So, how do we practice uprightness? Here is an excerpt from one of Tenshin Anderson’s dharma talks:

Zen practice is to be upright in the middle of whatever you choose to do, such as following your breathing. The public case can even manifest as a compulsion; in the midst of your compulsion you can be upright. If you are trying to follow your breathing and are unable to, and get angry at yourself and start beating yourself up for not being able to do it, and you call yourself bad names because you are so distracted, and feel bad about yourself because you don’t do what you say you want to do; in the midst of that, you’re always clearly aware and no words reach it. This is the Dharma gate of repose and bliss. Once its heart is grasped, you’re like a tiger when she enters the mountains, you’re like the dragon when he gains the water. Being upright is not about self improvement. To make your mind state better is OK. If you want to make your mind state worse, that’s all right also. What we are concerned with in sitting upright is to actually practice the total culmination of practice realization right now. Bodhisattvas vow to accomplish such realization for the welfare of all beings.” [For the full commentary on uprightness:  Vasubandhu’s Thirty Verses on the Realization of Mere Concept (Trimsika Vijñaptimatratasiddhi Commentary) by Tenshin Reb Anderson. Sesshin Day 2 Dharma Talk, October 3, 1994. pgs 42 – 46. ]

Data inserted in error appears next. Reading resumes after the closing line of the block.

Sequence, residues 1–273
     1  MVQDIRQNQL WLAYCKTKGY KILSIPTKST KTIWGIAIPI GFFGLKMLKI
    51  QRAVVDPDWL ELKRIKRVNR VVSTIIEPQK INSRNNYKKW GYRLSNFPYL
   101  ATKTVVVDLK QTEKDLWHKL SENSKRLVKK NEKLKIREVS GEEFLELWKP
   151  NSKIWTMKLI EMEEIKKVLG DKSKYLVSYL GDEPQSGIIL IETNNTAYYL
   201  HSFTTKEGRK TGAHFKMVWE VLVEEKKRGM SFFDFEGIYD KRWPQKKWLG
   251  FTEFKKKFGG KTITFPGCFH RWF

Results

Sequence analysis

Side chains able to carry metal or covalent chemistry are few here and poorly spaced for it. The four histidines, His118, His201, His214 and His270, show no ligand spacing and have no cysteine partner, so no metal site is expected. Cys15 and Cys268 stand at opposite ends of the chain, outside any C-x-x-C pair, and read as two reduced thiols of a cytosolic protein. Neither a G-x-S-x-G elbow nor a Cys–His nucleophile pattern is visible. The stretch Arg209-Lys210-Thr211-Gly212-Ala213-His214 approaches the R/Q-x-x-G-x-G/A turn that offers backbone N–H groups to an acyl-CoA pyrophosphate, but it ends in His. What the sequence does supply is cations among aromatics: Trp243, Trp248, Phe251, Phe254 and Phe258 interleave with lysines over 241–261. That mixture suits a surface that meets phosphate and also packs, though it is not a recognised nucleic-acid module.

The Eightfold Noble Path. Upright Speech.

The recipe for samyak vaca (Sk) or “right speech” is  generally taught in buddhism as abstaining from lying, from divisive speech, from abusive speech and idle chatter.1 It is also considered speech which is truthful, affectionate, helpful,  and  promotes  concord, harmony, and unity. These sound like a great recipes for “right speech”. The same resources tell us that Shakyamuni suggests that five things that we should consider before speaking. “The speech should be 1) factual and true, 2) helpful, or beneficial, 3) spoken with kindness and good-will, or well-intended (that is, hoping for the best for all involved), 4) endearing or not harsh (that is, spoken gently, in a way the other person can hear), and 5) timely (occasionally something true, helpful, and kind will not be endearing, or easy for someone to hear, in which case we think carefully about when to say it.” 2